Other Organisations – I managed to find homes for all of my 237 items just using the three avenues mentioned above but there are many other organisations out there that would be glad to accept donations. Scout groups I am sure would be happy to take camping equipment, schools would be glad of the generous donations of craft and stationary items, sporting clubs can always use extra equipment. Just use your imagination and I am sure you will find someone happy to re-purpose your unwanted stuff.

Sell (58  Items  sold on eBay at a total of $1533.65)

On-Line – Although all of the items I sold were sold on eBay there are other online selling options that you can chose from such as Craigslist.

Newspaper – You could advertise to sell in the classified section in your local newspaper. This is a good option if you have items that are too big or cumbersome to sell on eBay. Although eBay and the like do have a pick up only option that targets local shoppers I think you may find a bigger audience through using a non-online selling venue. In Australia, we have an online/local newspaper combo selling option called the Trading Post that I am going use to try to sell some musical instruments soon. I will let you know how that pans out.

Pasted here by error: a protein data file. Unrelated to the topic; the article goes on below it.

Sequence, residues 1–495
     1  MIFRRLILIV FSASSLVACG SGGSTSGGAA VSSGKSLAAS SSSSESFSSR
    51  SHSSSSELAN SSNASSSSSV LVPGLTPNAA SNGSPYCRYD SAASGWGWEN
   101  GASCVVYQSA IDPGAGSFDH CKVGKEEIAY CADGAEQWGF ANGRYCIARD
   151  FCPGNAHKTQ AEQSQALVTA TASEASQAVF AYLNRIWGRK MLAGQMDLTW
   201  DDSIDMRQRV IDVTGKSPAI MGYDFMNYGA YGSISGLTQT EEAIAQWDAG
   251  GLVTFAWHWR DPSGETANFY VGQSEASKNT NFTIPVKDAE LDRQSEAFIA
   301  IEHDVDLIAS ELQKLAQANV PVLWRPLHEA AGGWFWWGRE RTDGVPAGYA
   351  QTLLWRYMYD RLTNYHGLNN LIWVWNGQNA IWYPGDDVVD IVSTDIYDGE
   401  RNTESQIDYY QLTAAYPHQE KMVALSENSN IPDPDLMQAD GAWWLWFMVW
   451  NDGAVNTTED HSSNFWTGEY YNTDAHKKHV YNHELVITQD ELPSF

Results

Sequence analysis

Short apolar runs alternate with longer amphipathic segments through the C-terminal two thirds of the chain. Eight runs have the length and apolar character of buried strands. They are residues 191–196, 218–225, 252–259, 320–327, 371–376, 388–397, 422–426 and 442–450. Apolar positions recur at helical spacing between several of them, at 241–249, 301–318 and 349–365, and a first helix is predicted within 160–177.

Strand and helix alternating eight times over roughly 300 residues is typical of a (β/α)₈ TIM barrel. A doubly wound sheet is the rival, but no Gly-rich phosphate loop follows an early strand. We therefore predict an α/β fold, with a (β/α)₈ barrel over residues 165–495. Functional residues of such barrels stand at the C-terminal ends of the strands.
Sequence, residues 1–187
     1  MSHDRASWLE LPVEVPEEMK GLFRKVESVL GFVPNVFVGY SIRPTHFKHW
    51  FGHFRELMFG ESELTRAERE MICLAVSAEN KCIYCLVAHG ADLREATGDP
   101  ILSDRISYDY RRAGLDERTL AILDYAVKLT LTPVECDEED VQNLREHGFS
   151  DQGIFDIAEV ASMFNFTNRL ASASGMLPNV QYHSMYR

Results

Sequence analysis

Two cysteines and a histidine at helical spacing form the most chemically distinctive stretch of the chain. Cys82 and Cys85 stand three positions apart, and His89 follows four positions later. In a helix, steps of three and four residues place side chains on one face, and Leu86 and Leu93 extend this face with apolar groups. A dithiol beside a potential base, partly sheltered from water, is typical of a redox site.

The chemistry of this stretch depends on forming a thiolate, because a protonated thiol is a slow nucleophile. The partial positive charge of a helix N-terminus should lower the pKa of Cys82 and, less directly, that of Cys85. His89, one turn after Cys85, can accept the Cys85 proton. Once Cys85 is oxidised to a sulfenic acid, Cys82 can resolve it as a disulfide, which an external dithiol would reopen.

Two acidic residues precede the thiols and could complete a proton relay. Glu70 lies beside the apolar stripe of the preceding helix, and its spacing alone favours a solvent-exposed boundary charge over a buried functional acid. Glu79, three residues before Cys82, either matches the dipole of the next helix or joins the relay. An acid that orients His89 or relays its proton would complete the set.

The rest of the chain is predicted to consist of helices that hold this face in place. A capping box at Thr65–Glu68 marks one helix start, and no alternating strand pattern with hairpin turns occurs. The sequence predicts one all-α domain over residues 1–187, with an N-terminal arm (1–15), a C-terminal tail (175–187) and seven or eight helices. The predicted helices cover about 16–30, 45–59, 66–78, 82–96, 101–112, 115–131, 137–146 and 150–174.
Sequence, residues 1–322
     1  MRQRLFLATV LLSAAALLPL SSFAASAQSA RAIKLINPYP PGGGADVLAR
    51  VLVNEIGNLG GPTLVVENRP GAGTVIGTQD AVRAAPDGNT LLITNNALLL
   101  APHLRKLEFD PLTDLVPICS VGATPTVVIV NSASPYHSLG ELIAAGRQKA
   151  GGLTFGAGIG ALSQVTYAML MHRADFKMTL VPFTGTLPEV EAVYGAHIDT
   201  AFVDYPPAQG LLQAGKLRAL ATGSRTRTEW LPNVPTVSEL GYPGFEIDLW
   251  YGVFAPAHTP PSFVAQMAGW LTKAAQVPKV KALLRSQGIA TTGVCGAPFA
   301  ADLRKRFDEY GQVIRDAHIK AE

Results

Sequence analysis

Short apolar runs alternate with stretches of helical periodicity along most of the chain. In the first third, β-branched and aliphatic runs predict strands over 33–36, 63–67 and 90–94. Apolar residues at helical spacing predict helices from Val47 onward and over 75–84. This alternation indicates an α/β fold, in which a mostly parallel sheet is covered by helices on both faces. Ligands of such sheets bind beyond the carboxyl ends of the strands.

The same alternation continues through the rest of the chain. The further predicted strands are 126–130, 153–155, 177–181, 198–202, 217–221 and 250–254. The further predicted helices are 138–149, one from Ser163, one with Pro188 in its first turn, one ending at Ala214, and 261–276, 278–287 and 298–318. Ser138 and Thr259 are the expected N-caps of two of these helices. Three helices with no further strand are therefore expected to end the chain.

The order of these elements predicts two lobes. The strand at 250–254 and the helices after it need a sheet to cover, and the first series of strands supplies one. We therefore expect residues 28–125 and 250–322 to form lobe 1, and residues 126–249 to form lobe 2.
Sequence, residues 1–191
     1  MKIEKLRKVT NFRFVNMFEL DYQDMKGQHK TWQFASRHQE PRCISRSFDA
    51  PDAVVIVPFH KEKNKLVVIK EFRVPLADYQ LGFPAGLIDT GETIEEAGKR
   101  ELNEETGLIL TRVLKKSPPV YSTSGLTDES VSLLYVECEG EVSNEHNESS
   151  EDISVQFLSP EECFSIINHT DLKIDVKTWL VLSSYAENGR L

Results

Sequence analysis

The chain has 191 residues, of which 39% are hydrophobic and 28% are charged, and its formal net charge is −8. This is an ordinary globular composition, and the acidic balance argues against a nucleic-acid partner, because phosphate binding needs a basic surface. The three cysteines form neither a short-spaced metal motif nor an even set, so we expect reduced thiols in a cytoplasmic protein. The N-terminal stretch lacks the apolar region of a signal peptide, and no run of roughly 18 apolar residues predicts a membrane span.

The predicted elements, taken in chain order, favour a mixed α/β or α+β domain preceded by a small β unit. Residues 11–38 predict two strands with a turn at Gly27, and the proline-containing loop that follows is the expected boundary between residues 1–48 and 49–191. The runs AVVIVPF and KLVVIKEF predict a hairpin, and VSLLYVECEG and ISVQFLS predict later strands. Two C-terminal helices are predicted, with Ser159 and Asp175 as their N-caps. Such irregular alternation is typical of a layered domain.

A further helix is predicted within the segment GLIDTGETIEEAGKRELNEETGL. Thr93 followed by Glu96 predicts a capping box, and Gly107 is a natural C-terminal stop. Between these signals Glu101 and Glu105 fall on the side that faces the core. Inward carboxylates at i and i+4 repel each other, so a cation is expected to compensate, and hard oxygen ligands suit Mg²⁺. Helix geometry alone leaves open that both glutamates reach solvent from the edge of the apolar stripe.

Notice Boards – I don’t know if you have ever seen notice boards in your local shopping centres where people paste up photos and contact details to sell, rent or give-away items. I have seen a few in my area perhaps there is one in yours.

Garage Sale – I have had several garage sales in the past though none of my 365 things were sold this way because I was purging slowly and did not want to store the items until I had enough for a garage sale. One thing to remember with garage sales is that you have a very limited audience, and they are looking for a bargain but if you were only likely to donate the stuff anyway then you could end up with a few hundred dollars in your pocket instead.

Market Stall – This is much the same situation as a garage sale but you have a larger audience and have to haul the stuff to another location to sell. Like garage sales I have had great success in the past offloading my stuff this way.

Use Up (Only 3 items of my 365 were declutter this way)